As I settle in to the flat, we play a game of Pro Evolution Soccer on one of their laptops. An old version of the game, me and, my brother, John used to play about ten years ago. Still as fun as it ever was though!
One of them kindly puts together some food for the night and I take a selfie. Part of me just wants my friends to have a photo of these people. Just. In. Case.
When I go to bed, it’s 2am and I take a moment to reflect. These people have been nothing but kind to me. They put me up in their flat, have done nothing untoward to me and even bought me dinner. On top of that they want to treat me as “family”. Is that really so bad?
I decide that tomorrow I will be a little fairer, start with a clear mind, and develop an opinion tomorrow.
## Day Two
I wake up around 10am. Amr has already left for his engineering course so I take it easy. I meander around and grab a shower. This involves laying in the stained bath with a shower head on a very small lead. The water feels so fresh after a dry, hot night.
As I dry off, I bump into Adel (“like the singer”), one of Amr’s housemates. He asks whether I’m ready from breakfast and quickly heads to the kitchen. By the time I’m dressed, in front of me is a big feast of a breakfast. I ask who else is joining us. Adel looks at me confused. I guess no one. It smells, and looks, so good that I don’t mind with this lack of answer what so ever.
It was a mixture of falafel (real falafel, nothing like the supermarket) and beans (made up of beans, tomato and egg with spices) with a side mountain of bread. I remember, I had had this before. It was so good I would happily have it many times over. Something just tastes different when it’s local too.
Adel takes me to the train station where I will be meeting Amr. The public bus breaks down en-route and we all need to jump out. I query whether this happens often and Adel shrugs a little and says “not too much”. I translate from his facial expression that it probably does happens quite often.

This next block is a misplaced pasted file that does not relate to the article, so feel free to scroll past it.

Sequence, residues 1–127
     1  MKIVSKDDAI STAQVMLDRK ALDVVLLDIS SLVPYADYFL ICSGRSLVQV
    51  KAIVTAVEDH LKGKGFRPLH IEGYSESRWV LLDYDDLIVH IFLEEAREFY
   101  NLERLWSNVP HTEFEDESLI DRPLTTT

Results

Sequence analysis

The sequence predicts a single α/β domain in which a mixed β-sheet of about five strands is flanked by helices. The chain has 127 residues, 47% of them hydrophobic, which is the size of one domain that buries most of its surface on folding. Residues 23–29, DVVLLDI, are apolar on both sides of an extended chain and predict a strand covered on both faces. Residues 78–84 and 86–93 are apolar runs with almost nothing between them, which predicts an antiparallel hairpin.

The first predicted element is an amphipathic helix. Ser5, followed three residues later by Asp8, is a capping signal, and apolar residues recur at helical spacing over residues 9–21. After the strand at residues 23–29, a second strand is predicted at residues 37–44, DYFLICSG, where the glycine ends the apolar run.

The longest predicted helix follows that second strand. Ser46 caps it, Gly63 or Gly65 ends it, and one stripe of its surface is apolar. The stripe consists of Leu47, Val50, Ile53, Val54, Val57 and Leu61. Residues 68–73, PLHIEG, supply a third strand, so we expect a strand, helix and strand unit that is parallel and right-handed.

Tonight we’re having dinner with some of Amr’s friends. Everyone’s referred to as a Mr. Tonight is Mr Sheek and his friend. The flat is getting tidied up so it feels like a big deal. When they arrive Mr Sheek tells me that they were a little late because they bumped into someone. He tells me they stayed with him for 3 (and at this points my head finishes it to say ‘minutes’) hours (wait, hours?!). Turns out the schedule was late by 3 hours (which by Egyptian time is apparently still on time I learn).
We had a great time socialising. The food was some of the best I’d ever had; it was beef with onion and “Egyptian potatoes” all simmered in together with gorgeous spices and served with side-mountains of rice for everyone. Absolutely incredible.
As the guys left, I threw some washing on and we hung it on the ledge outside overnight to dry. The air is so sandy and fumy that it has already turned my snot black. I didn’t have much hope for my clothes being any cleaner than before I washed them by the end of the night.
It’s 2am again. Time for bed. I always seem to be the first one hitting the bed and the last one getting up. Usually it’d be the other way round. I’m impressed.
## Day Three
This morning’s breakfast was a nice and relaxed tahini(? Sort of like a more liquid hummus) mix with bread. Again, another journey down to the trains (starting to get my bearings now!) As I waited a couple of hours for Amr (just a few minutes in Egyptian time) I notice on the opposite platform some skinny, small guy having an argument with (I assume) his wife (though both quite young) who is dressed in a full black, traditional burka. I suddenly feel really uneasy. He went to grab something out of her bag, some tickets or something, and then she slapped his arm hard. No one else is taking any notice. I wonder if this progresses will I get myself involved. Even I could take this guy. Surely no culture would tolerate this behaviour from him? My mind races as to the possibilities. If something kicks off, he hurts her and then they both skedaddle how am I going to describe her to the police. “She had eyes” may not cut it. As my ignorance keeps running away Amr turns up and when I point them out his response is “it’s his wife, it’s his business”. I don’t know if I like that attitude. After all, everything I’ve heard in terms of culture in this little place is neighbours looking out for each other. It’s not touristy at all in Faysal, so I’m told it’s impossible for anything to kick off because the elders are always watching the streets, the shops are open 24 hours and it just couldn’t happen. I must admit, I walked around this developing area feeling very safe. Why can’t this neighbour lookout extent to the wives of men, I wondered.